Expertise and track-record vs. boundary expansion and new types of knowledge
The tensions between disciplines and the need to fulfil or answer reviewer’s expectations are always part of a cross-disciplinary writing project.
Presenting a synthesising perspective and speaking from an experience straddling value systems is a vulnerable position, one that doesn’t confer the advantages of perfect expertise and a pristine track-record.
So what does it mean to have to put a disclaimer about which disciplines are not addressed into a published article?
From my co-authored article with Anne Dubos at MoCo this year:
It is important to situate the experiences, implementations, and reflections presented in this article. Although we draw on scientific elements to argue our case, what we present is an arts-based research project, in which we explore relationships between motion and computing through the scope of practice-based research methods. Even if anthropological knowledge feeds the developments and flow of our installations, this is not an anthropological essay. Neither is our intent to fit into disciplines such as media archaeology, art history, or HCI and design theory by adopting their methodology. Ultimately, we aspire to demonstrate that by straddling disciplines, the synthesis of elements and processes, methods and experiences can provide valid insights and understanding of a different nature. (Dubos and Schacher 2019)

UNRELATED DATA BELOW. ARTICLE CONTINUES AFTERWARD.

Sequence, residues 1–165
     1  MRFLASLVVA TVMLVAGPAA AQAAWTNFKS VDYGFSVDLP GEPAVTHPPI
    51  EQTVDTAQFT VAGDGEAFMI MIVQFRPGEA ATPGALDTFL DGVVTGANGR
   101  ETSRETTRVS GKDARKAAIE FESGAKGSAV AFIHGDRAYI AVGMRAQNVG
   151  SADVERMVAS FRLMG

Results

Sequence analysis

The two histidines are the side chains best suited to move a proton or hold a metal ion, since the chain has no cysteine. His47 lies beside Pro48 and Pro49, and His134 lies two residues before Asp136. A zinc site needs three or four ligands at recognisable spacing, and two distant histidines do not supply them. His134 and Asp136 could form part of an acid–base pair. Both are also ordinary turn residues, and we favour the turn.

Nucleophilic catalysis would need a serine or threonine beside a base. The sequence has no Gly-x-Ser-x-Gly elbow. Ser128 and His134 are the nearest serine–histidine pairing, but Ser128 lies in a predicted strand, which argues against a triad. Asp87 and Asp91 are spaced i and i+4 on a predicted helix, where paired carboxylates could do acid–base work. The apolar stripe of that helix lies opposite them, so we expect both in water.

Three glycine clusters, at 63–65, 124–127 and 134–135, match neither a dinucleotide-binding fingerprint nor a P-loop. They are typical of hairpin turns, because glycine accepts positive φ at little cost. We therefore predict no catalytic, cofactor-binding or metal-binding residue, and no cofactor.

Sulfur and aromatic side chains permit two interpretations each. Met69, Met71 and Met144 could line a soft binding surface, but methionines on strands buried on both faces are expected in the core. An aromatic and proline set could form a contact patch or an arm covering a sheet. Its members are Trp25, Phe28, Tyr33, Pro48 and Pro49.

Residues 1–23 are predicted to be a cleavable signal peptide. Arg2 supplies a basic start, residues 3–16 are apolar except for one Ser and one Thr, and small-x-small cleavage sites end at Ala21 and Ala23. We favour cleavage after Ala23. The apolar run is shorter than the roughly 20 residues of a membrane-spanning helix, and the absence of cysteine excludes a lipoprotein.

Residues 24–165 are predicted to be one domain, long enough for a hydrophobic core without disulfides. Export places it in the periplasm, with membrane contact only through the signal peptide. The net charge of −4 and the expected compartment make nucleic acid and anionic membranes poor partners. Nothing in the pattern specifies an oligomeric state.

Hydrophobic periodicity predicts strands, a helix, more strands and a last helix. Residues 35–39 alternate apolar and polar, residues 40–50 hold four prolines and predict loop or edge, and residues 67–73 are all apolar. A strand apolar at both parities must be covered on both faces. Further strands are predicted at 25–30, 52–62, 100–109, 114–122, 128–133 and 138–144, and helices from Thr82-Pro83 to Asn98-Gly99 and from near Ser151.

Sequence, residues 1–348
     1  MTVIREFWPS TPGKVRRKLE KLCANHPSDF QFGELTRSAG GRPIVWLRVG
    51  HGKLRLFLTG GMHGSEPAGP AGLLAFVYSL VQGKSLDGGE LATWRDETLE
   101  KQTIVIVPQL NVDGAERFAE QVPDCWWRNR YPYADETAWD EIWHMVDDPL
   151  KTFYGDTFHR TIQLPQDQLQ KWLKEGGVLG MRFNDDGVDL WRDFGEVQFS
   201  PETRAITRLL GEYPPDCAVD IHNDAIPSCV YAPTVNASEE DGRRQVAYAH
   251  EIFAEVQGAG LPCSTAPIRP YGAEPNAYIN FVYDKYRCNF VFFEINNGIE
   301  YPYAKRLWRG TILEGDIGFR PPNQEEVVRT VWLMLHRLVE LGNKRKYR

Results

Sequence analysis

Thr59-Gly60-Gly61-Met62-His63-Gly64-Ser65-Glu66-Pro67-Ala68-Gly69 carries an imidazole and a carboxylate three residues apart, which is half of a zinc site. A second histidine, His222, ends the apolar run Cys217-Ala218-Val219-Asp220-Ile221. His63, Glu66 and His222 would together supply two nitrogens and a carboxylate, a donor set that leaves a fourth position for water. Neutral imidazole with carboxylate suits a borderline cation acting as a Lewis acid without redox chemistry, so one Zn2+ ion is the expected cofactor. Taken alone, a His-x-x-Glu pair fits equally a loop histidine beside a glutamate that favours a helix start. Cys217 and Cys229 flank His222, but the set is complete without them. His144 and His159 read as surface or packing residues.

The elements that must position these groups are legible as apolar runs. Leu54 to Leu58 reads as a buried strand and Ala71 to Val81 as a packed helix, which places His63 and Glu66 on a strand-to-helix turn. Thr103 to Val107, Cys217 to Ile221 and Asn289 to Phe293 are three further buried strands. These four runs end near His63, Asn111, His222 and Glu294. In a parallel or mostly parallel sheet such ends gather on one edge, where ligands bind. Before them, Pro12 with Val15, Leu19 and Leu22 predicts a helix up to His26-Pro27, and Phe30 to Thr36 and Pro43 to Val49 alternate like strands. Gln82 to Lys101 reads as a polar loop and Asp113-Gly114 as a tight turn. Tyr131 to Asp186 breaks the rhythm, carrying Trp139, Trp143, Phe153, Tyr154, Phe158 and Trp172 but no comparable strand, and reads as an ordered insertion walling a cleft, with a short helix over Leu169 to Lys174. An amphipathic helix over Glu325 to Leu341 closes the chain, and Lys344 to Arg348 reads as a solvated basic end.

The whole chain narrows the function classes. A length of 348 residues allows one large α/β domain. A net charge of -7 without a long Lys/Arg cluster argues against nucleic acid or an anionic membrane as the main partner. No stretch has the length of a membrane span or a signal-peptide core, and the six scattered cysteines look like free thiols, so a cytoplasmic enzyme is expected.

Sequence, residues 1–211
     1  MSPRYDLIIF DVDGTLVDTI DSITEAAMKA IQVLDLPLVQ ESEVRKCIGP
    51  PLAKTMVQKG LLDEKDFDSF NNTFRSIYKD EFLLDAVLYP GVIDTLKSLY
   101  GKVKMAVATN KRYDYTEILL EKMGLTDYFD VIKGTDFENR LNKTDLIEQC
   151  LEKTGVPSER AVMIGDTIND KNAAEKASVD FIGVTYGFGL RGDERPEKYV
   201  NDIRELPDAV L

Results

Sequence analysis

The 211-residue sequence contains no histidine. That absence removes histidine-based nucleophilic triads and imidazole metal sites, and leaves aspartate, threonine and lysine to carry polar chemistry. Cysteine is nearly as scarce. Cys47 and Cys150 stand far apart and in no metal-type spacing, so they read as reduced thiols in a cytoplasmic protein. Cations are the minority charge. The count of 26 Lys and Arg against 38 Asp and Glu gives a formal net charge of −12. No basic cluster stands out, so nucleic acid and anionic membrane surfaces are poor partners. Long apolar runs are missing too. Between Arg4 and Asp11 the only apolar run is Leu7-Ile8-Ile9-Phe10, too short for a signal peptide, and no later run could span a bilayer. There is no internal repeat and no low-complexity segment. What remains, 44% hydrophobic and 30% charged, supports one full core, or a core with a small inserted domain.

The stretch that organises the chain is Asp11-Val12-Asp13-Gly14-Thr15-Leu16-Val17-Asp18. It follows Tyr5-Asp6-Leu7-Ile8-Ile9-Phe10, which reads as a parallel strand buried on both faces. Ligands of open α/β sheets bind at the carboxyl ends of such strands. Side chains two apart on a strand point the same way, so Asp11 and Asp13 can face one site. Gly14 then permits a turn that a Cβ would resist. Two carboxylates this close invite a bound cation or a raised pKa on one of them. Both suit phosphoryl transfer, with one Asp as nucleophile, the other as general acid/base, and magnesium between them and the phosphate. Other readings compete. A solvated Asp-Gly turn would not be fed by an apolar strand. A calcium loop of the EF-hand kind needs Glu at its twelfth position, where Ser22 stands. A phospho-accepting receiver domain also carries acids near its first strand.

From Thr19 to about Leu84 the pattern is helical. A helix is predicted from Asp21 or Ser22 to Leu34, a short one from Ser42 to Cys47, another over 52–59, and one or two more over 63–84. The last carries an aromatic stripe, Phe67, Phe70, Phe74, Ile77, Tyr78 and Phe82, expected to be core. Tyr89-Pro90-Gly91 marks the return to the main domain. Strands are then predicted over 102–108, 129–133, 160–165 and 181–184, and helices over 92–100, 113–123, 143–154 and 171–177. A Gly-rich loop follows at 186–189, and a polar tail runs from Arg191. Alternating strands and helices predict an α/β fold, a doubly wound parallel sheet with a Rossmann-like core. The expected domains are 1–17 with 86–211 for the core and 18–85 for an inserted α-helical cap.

Jan Schacher, Zurich University of the Arts
Dubos, Anne and Jan Schacher (2019) “The Calder Effect – Embodied Knowledge Through Moving Images”. Proceedings of the Conference on Movement and Computing 2019. Tempe, Arizona, October 10-12, 2019.